Professional cheerleaders are really downhill of quite a lot of shit. Is the most insulting part of all that they're named things like the "Ben-Gals" or "Buffalo Jills"?
--I think the word is chutzpah. NY State's assembly speaker claims a different Sheldon Silver did those unpopular things. That guy's widow? Totally confused about what jobs he had. Amazing. Solid reporting for the Times to nail him so convincingly.
--One of Facebook's managers says "Hey, why does the news suck so much?" Reporters say, "Because of Facebook!" Ezra Klein shows up in the comments to defend himself and Vox. Lots of motes and beams and eyes in this one, but worth a quick read.
Why is Google killing MetaFilter? Basically MeFi keeps getting tangled in Google's anti-spamware algorithms, and getting docked and pushed further and further down the rankings. Although that's all speculation because obviously Google's formula is a bigger secret than Oklahoma's execution injection recipe. But MeFi is really getting pushed to the point where they are having layoffs and it's not clear how long they'll be able to keep the site alive.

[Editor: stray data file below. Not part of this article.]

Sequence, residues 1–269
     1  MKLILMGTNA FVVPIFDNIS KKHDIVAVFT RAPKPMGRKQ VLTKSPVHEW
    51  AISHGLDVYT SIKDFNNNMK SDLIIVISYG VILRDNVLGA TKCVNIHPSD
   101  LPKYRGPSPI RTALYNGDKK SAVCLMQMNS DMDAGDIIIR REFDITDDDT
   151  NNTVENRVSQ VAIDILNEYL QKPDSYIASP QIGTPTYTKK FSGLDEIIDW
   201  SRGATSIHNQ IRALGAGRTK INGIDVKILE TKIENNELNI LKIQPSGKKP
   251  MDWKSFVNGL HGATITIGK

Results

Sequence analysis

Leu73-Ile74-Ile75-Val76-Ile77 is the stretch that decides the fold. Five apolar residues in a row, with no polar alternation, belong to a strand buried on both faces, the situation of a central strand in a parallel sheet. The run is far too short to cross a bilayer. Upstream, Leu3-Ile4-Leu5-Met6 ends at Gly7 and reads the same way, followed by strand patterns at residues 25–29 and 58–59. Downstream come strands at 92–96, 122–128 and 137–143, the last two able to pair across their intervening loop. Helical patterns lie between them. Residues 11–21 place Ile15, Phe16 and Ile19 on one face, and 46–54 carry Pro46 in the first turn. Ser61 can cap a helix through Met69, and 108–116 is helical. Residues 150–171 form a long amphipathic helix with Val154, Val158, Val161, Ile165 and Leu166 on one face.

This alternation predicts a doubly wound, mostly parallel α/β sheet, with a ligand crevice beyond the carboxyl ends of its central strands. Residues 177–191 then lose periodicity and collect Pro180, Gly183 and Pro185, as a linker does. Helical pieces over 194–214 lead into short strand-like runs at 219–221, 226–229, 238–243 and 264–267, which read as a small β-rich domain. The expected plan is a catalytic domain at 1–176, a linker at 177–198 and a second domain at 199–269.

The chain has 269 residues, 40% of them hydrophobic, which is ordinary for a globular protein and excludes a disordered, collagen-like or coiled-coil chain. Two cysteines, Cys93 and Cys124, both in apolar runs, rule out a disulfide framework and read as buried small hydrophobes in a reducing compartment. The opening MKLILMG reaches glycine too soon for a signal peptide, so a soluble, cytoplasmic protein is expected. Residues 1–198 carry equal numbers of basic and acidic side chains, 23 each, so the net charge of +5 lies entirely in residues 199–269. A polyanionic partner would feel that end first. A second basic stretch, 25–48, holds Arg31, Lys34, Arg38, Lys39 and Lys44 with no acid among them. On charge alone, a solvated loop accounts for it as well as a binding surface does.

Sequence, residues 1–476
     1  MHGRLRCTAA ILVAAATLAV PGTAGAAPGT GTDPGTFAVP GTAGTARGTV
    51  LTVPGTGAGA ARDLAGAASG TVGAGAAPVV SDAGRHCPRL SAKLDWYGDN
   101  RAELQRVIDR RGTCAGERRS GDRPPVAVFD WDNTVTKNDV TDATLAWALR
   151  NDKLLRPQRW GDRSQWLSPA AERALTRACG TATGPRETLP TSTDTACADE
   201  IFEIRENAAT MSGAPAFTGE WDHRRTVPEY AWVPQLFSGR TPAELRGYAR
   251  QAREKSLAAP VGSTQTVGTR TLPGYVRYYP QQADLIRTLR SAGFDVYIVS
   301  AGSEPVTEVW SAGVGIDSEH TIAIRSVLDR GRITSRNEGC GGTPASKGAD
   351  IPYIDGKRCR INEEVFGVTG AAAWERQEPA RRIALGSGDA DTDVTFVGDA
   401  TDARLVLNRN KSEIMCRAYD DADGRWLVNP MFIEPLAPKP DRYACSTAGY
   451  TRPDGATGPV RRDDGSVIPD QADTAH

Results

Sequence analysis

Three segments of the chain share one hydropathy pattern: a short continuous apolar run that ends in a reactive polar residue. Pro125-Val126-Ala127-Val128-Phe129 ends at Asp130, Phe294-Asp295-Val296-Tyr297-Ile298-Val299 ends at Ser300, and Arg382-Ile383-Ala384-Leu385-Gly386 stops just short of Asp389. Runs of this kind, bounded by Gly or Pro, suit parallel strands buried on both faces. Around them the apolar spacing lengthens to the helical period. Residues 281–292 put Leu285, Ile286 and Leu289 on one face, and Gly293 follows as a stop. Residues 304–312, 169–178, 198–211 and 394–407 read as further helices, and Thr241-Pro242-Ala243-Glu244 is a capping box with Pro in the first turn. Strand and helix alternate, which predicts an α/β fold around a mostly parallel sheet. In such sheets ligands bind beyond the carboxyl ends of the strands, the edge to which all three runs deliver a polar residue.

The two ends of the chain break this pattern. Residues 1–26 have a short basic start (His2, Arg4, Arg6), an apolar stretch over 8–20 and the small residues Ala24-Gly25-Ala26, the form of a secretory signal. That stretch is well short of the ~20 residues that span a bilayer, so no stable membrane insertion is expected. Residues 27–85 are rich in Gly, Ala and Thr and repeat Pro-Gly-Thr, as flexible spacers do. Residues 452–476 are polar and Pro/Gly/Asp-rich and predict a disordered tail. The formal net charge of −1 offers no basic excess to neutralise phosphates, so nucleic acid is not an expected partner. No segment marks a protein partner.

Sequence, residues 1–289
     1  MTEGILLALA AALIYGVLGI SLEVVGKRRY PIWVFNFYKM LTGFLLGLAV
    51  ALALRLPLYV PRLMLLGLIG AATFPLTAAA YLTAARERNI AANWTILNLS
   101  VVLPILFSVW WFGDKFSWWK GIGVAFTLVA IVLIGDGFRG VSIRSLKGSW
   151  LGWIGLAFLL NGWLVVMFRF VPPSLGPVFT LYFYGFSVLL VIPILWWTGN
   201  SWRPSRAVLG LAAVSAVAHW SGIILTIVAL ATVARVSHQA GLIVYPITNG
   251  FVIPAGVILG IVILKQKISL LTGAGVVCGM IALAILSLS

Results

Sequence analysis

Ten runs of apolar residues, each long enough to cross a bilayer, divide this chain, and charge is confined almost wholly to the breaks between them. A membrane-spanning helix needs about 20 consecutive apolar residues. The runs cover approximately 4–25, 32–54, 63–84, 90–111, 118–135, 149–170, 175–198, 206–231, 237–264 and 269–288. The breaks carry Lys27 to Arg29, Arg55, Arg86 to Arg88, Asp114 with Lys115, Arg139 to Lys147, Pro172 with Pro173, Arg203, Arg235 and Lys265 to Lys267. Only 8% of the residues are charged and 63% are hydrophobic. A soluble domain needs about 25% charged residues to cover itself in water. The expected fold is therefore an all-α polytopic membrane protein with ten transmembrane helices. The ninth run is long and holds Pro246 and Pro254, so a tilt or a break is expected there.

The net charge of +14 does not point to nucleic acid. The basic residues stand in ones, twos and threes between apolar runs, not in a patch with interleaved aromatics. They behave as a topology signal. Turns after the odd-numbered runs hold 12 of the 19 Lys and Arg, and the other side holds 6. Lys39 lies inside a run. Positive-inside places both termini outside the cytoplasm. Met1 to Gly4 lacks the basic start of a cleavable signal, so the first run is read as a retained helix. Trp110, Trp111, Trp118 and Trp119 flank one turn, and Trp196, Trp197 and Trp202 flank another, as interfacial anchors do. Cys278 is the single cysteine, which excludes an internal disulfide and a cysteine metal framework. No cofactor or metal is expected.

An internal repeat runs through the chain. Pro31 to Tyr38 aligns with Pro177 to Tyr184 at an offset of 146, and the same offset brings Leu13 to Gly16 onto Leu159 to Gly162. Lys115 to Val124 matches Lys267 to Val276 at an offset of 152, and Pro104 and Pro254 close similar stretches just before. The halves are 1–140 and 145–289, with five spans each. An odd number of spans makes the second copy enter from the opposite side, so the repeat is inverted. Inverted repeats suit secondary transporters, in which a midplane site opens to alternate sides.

Whoops, I left off the via: lw when I posted this.
I mentioned in the comments yesterday that every now and then, it just seems wearying to live in a red state. I don't want to give ammunition to all you bi-coastal arugula-elites, though.
Chris Y sent in this:
Students from families with low parental education levels have the highest proficiency rates in Texas (28%) and New Jersey (25%), putting them, respectively, in 7th and 12th place internationally. Those rankings are well ahead of Massachusetts and Minnesota (both at 18%), which puts them in 19th place internationally. Virginia and Florida are at about the U.S. national average, while New York, in 27th place, falls slightly below. California (9%), West Virginia (6%), and Utah (5%) rank at embarrassingly low levels.
which is very nice to read. I'm not sure what the demographic conditions are that led to that, but I'll take it.